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Report No. 79

V. Benches for Deciding writ Petitions

16.16. Writ Bench.-

It is the general practice in High Courts to have separate writ benches, but it is necessary that their sittings should continue for a reasonable length of time.

16.17. Grouping of writ petitions.-

While dealing with civil appeal1 we have pointed out the necessity of grouping of appeals involving the same question of law. This is all the more important and necessary in the case of writ petitions. Very often, a number of writ petitions are filed in respect of the orders of administrative tribunals, involving not only the same point of law, but also the same or similar facts. The grouping of all such petitions by the Registry will very much help in the quick and satisfactory disposal of these cases.

1. Chapter 4 and 5, supra.

16.18. Practice of not listing writ petitions in anticipation of other petitions not to be favoured.-

It has also been observed that writ petitions raising a particular question are not listed by the office for hearing before the bench, simply on the ground that other petitions of the same nature are likely to follow. This is not a correct practice. Normally, unless there are some special features, it will be more conducive to better administration of justice if such a petition, when filed, is given precedence-if need be, with the permission of the Chief Justice, and put up for decision in accordance with law.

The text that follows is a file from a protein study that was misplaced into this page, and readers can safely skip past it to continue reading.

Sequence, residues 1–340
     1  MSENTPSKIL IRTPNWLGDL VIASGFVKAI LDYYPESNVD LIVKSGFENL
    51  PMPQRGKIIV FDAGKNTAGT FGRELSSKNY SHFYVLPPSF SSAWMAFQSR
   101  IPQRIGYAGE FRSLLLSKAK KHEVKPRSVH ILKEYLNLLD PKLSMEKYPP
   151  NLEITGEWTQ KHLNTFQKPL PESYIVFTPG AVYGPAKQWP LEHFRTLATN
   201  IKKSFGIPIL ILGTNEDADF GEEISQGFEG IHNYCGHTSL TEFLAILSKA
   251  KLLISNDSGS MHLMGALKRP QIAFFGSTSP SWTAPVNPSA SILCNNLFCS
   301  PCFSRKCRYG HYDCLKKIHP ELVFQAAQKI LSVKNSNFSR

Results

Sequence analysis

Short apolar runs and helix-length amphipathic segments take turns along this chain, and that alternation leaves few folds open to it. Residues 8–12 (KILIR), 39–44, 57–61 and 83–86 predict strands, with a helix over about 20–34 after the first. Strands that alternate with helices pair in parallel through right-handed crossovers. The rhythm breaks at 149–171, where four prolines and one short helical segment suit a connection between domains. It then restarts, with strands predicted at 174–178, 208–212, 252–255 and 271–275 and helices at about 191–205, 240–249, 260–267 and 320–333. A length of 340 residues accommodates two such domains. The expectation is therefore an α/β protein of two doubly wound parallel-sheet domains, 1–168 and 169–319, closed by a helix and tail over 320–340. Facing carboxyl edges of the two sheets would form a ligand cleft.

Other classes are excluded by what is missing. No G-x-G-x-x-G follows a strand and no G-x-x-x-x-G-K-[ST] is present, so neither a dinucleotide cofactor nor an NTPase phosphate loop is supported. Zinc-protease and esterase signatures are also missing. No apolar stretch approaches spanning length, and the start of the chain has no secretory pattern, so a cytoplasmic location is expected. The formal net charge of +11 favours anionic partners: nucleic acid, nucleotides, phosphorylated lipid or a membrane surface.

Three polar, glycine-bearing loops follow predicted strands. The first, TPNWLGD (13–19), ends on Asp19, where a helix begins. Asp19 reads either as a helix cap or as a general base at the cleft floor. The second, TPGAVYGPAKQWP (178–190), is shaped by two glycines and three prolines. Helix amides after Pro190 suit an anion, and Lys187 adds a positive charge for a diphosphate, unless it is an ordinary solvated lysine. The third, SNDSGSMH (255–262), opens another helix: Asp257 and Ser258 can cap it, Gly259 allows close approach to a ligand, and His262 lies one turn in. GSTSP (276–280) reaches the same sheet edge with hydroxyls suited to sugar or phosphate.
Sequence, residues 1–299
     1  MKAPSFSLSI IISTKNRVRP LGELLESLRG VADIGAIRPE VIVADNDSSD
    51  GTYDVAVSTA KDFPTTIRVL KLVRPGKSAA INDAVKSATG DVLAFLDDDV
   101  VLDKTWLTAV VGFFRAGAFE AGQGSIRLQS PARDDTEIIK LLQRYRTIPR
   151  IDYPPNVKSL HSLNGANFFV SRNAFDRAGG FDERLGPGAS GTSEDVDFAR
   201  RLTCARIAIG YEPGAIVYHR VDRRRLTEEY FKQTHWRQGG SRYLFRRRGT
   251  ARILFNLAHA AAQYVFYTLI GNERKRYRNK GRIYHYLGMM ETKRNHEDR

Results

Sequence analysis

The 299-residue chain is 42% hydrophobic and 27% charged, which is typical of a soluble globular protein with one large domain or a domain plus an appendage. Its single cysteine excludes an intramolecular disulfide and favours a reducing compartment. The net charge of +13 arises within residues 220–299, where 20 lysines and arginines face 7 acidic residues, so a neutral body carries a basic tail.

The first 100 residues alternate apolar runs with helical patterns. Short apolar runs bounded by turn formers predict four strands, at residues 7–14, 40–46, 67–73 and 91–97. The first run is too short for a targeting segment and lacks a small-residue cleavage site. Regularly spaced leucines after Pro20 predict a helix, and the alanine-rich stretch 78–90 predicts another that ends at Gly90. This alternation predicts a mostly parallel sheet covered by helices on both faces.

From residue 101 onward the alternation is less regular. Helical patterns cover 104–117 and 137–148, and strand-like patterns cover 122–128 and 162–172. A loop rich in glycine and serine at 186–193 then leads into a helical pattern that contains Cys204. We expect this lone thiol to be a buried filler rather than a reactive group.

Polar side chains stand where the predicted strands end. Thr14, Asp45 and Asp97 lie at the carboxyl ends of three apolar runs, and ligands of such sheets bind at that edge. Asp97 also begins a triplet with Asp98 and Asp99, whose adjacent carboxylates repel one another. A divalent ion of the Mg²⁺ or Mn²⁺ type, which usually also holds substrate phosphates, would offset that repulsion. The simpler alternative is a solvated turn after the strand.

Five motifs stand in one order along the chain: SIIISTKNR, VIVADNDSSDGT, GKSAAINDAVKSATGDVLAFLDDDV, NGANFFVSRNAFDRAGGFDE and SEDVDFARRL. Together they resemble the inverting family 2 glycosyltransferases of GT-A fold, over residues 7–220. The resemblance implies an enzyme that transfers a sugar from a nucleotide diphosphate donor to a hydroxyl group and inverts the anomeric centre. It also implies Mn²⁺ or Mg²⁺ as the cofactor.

The chances of further or more petitions of the same or similar nature are thereby eliminated or minimised, in case the petition is dismissed. On the other hand, if the petition succeeds, it is possible that the department or authority concerned may take suitable action without further loss of time and harassment to persons similarly aggrieved.

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